“#GETITRIGHT” just about sums up the remainder of “Bangerz”. A joyous and naive, guitar-led groove which captures what Madonna was aiming for when she worked with Pharrell but failed to achieve on her flat attempt at urban pop, “Hard Candy”. Williams here produces one of the very best, if not the most triumphant track, on the album with Cyrus sounding ecstatic and utterly contagious. “Drive” is an appropriately named juddering and in turn undulating, excellent metallic ballad. The melancholic drop at the end of the lyric ‘drive my heart into the night, you can drop the keys off in the morning’ hits hard, twerking it seems only being part of Miley’s increasingly sad story. “FU” is another deranged, “I Put A Spell On You”- riffing and swinging show tune underscored by a whomp, whomp dubstep and “Do My Thang” is “We Can’t Stop”’s trappier and more bratty cousin; ‘I’m a southern belle, crazier than hell’. Indeed.

The two tracks which end “Bangerz” are interesting in that they are ballads which I imagine could have appeared on Cyrus’ earlier releases before her ultimate rebirth, the only songs here that this may apply to. I haven’t heard any of Miley Cyrus’ material from this time as I don’t feel that it’s necessary (and I don’t think I would enjoy it) but there is a strong, country feel to them and this is after all a strong part of Cyrus’ heritage (god-daughter of Dolly Parton and daughter of “Achy-Breaky” father Billy Ray and all). “Maybe You’re Right” is more traditional in sound and song structure where “Someone Else” is an insane rave ballad with speed -sung verses and staccato stabs of vocal puncturing the chorus,  It fades on a repeated, whooshing synth noise and the album ends; it is satisfyingly odd.

There are probably two more number one songs here to follow on from the two already achieved before the album was released and means that in 2013 Miley Cyrus is a phenomenon. She can follow in the footsteps of Britney, Beyonce, Gaga and, lest we forget, Madonna. All of those artists understand and luxuriate in artifice and have perfected the other art of being worshipped. They also share a seemingly innate understanding of what constitutes the right song and how to fully inhabit it.  Right now at least, Miley Cyrus has also synced into their groove and “Bangerz” is the highly enjoyable but flawed soundtrack that will accompany her to the next instalment. Whether it will be as engrossing as this one, who knows so I would suggest that you begin to listen and start to fall in love with her, at least for now.

"Push and Shove"No Doubt can hardly be considered prolific; this is their sixth album in 20 years, 10 years since their last and best album “Rock Steady”.  In the decade since this album Gwen Stefani temporarily left her bandmates, had children and released 1 brilliant and hugely successful pop album as a solo artist,  “L.A.M.B”, followed by the far less cohesive “The Sweet Escape” in 2006 which betrayed itself by chasing r’n’b trends and guest spots. No one seemed to be sure what was to follow, which finally finds us here in 2012 with the Mark Stent-produced “Push and Shove”.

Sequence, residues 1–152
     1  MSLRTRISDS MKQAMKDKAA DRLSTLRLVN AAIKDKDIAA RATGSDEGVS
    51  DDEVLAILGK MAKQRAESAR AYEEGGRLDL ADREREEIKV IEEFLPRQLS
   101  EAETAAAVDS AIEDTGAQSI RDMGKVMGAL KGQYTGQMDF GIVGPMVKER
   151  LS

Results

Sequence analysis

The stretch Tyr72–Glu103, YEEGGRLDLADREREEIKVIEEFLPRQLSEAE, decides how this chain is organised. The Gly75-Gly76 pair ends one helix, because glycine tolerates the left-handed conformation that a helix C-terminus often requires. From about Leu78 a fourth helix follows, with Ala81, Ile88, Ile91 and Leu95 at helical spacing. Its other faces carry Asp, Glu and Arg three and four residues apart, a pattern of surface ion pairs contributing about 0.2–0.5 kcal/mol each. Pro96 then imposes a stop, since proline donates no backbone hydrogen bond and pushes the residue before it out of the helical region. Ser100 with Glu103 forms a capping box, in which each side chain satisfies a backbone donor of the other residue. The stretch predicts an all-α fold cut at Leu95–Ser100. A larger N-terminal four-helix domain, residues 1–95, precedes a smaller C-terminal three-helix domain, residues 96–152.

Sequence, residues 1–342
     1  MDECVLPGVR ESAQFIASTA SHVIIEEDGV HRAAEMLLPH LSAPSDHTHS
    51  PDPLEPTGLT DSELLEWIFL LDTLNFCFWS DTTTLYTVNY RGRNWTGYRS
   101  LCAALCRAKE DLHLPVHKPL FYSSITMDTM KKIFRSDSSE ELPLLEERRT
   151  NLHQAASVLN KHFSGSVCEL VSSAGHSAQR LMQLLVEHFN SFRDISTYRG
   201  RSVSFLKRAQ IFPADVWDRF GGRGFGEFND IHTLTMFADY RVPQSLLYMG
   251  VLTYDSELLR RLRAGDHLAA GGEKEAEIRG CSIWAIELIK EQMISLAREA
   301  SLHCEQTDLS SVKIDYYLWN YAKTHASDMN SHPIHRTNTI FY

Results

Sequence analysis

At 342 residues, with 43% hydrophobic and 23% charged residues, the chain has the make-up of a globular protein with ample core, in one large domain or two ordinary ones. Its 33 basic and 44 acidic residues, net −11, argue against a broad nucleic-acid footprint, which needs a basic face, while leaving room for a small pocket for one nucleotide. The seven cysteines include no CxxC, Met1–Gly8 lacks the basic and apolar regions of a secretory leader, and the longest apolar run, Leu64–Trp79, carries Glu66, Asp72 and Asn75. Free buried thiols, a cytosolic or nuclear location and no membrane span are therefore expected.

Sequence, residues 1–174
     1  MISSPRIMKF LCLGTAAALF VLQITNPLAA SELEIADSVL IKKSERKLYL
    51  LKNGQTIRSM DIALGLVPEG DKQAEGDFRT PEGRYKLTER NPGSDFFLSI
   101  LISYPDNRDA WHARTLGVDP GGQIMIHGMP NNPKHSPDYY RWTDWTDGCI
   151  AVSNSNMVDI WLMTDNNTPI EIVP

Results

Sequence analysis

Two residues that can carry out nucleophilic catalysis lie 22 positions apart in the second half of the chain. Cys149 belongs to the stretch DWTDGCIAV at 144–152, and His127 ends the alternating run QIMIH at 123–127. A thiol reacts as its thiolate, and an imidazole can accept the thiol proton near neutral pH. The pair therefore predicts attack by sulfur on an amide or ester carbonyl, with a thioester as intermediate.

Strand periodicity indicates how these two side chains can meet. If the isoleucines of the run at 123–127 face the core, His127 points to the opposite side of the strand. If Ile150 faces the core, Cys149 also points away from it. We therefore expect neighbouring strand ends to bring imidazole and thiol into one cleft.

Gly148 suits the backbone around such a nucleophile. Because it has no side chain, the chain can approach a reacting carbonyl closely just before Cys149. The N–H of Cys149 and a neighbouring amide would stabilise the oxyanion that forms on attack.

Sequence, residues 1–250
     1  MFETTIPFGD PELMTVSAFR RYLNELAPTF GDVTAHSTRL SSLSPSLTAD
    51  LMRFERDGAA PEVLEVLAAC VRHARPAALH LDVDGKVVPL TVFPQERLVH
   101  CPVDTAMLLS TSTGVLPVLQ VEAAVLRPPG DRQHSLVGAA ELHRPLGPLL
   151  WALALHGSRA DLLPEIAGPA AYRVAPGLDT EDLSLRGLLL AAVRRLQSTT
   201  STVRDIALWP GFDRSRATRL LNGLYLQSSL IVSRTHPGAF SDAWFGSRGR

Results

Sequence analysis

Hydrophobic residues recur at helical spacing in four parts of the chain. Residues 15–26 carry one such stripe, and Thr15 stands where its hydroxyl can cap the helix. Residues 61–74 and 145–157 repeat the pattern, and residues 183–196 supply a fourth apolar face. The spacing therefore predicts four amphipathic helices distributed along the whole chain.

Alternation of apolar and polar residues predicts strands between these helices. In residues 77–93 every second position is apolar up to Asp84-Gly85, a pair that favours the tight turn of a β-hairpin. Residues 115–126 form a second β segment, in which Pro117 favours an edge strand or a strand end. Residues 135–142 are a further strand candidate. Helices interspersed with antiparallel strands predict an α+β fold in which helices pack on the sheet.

Settle Down” was the public’s first taste of  the bands new material and it tasted familiar and reassuring; pop ska with some ‘hey, hey, heys’, a Bollywood string opening and a spacy full minute and a half instrumental dub outro.  It also seemed to confirm that the band were prepared to experiment a little . Next up and the best track here by a long shot, is the exuberant Major Lazer-featuring and produced title track ‘Push and Shove’.  Stefani shares tongue-twister verses with dancehall rapper Busy Signal and the whole track with its slowed-down, big beat chorus and multi- part structure could have been an over-ambitious indulgent mess but is the only track that really has any authentic energy and demonstrates all that can be potentially fantastic about No Doubt. Both of these tracks were made available before the album was released, “Settle Down” as the first single accompanied by a full 6 minute video directed by old favourite Sophie Muller and “Push and Shove” as a teaser track.  Shame that these tracks were not indicative of what was actually remaining on the, at that point unheard, album.

Gwen Stefani has recently been conducting the usual round of interviews required when promoting an album from a hugely successful band who many thought may never record together again and she said an interesting thing. Whilst referring to her solo albums she commented they were never meant to be taken seriously, a weird comment to the millions who bought them and watched her tour them live. Even stranger is that one of the better tracks here, “Sparkle”, was originally recorded for Stefani’s second album but was never used and that the template for at least half of this album is exactly the electronic pop that defined her solo excursion, so is this also not serious? The ska/surf pop punk makes a very brief reappearance, a few trumpets here and there but the songs themselves are bland and fail to stick. “Gravity” is a nice electro pop track but is the complete spit of Stefani’s big solo hit “Cool” and “Undone” is a dreary acoustic ballad which never reaches its destination.  “Looking Hot” and “One More Summer” are shallow, slick non-starters and could be sung by either Pink or Katy Perry on a slow day.

It’s hard to understand how No Doubt managed to make such a sluggish, boring album; they have access to the best producers, songwriters and musicians but that’s failed to make a difference.  “Push and Shove” will probably do very well, though I doubt somehow it will sell like its predecessor. Incredibly significant changes have taken place in the music industry, good and bad, over the last decade and it looks like No Doubt are trying to play by the new rules when really they need to throw them aside and just do own their own thing.  A major disappointment.